Hesitancy, mixed feelings, and vulnerability

I had been considering my own response to #metoo since it poured into social media last week. Did I want to post, and if so – how? I processed my clients’ reactions to #metoo over the week. These conversations reinforced my feelings that saying #metoo was complex, and I felt unsure about what made sense for me.

I had been hesitant because I have so many different feelings about #metoo. I feel vulnerable about making either a personal or professional response because I feel sensitive about both. I am not sure if I want to say #metoo because I am not sure what that means for me. And it’s hard to share in a culture that values certainty and boldness when I don’t feel either of those things.

Then I saw a post by a friend who was hurt by the shaming she saw in all the responses to #metoo and it moved me to push beyond my shell of silent comfort and find a way to participate in this discussion in a way that felt right for me.

Reflections on #metoo

I feel deeply moved about the ways women are sharing and outraged that the expectation is that they should or that they have to in order for things to change. There is a place for speaking and shouting, and there is a way we need to make space for silence, for quiet, for different voices.

I am saddened by the reality that #metoo includes every woman. The cultural norm that makes it okay to violate boundaries both large and small is deeply ingrained and is a vast problem. And each incidence in which any woman or person who has less status has been disrespected or violated is one too many.

And yet, I feel mixed that such a wide range of experiences are included in #metoo. When we speak of sexual harassment and sexual assault as the norm, there is a danger that we may “normalize it”. I worry that this may make it harder for those that have experienced more extreme violence to be seen and heard, taken seriously, and not be ostracized.

I think that #metoo has created wonderful awareness and opportunities, but that it has also been very difficult for many people. Opening Pandora’s box can be vitally important, but also overwhelming. Once we open that lid, do we have what we need to respond to what’s in there in ways that are safe and useful?

Recognizing that sexual harassment and assault are traumas

Sexual harassment and assault are traumas, and a major problem with trauma of any kind is that it happens too fast. Even if the literal event is slow or prolonged, we respond to it as an overwhelming and fearful threat. Our instinctive survival response kicks in and we go on autopilot. Healing from trauma includes being able to respond to experiences on our own terms, including our own timeframe.

Social media can be too fast. When issues are emotionally charged, it can be like a chemical explosion. It is a hard environment in which to titrate, pause, consider, and reflect.   It’s a setting where the issues can be swept away in the current without leaving space for mindfulness, curiosity, or dialogue that can deepen slowly and over time.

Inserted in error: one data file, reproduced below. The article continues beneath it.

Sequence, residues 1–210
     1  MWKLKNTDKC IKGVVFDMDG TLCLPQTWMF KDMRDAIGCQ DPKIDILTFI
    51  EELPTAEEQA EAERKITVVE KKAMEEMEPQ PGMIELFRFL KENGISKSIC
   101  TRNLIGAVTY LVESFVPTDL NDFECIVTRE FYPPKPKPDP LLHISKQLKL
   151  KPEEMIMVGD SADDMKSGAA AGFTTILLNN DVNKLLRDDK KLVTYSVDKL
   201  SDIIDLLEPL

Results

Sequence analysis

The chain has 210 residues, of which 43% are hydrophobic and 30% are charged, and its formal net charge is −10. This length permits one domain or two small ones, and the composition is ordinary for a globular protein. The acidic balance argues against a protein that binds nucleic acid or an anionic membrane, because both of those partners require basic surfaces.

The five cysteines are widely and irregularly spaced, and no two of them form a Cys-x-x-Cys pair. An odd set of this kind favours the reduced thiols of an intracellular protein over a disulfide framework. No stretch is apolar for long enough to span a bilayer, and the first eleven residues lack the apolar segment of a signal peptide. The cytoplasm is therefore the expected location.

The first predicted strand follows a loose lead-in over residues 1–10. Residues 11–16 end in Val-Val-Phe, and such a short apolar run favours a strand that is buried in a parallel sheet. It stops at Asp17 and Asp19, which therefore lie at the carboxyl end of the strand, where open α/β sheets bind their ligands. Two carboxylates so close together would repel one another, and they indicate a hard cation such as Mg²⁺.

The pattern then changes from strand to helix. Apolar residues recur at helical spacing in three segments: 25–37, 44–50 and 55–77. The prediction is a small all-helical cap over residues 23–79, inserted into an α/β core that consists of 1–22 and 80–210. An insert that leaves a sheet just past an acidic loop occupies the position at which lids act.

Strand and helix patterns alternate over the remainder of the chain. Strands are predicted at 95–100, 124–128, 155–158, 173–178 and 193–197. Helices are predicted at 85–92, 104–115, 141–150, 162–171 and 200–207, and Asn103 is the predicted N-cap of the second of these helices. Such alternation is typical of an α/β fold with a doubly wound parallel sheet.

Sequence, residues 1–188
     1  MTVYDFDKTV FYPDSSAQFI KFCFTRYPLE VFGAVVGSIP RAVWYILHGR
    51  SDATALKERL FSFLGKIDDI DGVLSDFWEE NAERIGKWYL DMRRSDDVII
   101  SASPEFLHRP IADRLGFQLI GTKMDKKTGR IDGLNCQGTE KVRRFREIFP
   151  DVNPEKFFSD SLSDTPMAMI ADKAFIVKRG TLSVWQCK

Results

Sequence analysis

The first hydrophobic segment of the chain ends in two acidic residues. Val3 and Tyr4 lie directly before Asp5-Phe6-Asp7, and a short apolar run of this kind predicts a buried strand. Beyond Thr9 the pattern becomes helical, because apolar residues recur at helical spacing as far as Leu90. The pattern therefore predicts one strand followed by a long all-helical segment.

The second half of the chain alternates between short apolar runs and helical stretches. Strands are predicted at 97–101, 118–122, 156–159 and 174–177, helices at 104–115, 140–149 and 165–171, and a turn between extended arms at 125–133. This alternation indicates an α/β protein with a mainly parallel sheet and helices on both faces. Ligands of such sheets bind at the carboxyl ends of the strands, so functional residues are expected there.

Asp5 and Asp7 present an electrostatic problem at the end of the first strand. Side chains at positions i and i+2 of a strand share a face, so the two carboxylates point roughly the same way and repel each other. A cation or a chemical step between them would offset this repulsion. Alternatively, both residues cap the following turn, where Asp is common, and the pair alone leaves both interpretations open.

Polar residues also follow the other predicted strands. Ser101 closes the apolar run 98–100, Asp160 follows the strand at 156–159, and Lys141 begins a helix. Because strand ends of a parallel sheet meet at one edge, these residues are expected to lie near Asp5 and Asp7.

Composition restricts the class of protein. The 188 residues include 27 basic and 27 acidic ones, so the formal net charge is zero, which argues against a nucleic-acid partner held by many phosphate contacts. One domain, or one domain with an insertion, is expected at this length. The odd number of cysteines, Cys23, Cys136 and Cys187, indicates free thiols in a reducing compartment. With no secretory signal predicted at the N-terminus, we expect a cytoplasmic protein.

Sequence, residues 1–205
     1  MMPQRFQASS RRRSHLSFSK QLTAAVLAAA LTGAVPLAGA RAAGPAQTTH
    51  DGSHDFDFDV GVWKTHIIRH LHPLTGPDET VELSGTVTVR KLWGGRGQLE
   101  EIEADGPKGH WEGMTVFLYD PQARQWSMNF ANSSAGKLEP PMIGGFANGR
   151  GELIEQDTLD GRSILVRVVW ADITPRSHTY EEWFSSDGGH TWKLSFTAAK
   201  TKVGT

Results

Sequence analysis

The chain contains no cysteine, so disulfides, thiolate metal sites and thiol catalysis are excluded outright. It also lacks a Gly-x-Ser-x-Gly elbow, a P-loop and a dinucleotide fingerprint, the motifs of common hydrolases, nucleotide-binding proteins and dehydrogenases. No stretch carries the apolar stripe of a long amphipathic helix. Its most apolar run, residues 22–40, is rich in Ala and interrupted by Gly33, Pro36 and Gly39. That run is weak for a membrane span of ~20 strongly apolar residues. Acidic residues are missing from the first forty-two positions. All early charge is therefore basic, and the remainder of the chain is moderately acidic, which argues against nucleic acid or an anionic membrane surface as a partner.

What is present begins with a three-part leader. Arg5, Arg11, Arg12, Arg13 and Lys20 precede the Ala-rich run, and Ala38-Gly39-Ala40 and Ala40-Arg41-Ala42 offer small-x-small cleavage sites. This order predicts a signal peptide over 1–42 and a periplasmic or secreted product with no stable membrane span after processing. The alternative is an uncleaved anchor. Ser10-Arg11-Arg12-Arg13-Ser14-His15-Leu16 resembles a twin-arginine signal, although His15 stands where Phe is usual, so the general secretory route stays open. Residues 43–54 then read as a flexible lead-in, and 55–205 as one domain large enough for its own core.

For many trauma survivors, including some of my clients, the #metoo flurry triggered the same instinctive sense of threat, fear, and pressure that their experiences of harassment and assault had. It was very disorienting and created a heightened sense of loss of control. They had difficulty finding the ability to respond in ways that felt safe and clear and meaningful.

The importance of safety, pacing, and connection

To feel empowered and be able to make choices that are right for us, we need to be able to feel safe. We need to be able to pay attention to our own feelings and trust that our body responses are a source of wisdom. This often involves slowing down, finding our bearings and locating support.

There is no right way to participate or not participate in #metoo. What is right for one person may be very wrong for another. We need many responses and different types of discussion, awareness, and action and we need to find ways to dismantle shame.

The article, You Too, framed #metoo with a compassionate stance, introducing the hastag #youtoo.  Compassion is a huge antidote to shame. For me, mindful and compassionate responses to all the dreaded realities and news of our world are the only way I am finding it possible to tolerate them or have the ability to consider inserting myself into the mix of public exploration.

Moving too fast also means we may miss important parts of the story and we leave people out, perpetuating some of the very problems that spurred this spike of attention to harassment and assault. Me too went viral this week, but it has a quieter voice given to it by a woman of color a decade ago. Tarana Burke’s mission is to empower through empathy, and create a movement not a moment. http://metoo.support/

Moving toward #mindfulmetoo

If we are to have hope for real change, staying engaged with each other is vital. Mindfulness and compassion are powerful tools to help us remain open to one another in our struggles. The current #metoo outpouring is a pebble dropped in a pond. Profound change comes with the ripples of the many stones we all toss, no matter the size or shape.

© 2017 Movement Matters

The content of this article is not intended to replace therapy, and does not constitute mental health or professional advice.   Reflections and opinions shared should not be construed as specific psychotherapy advice.


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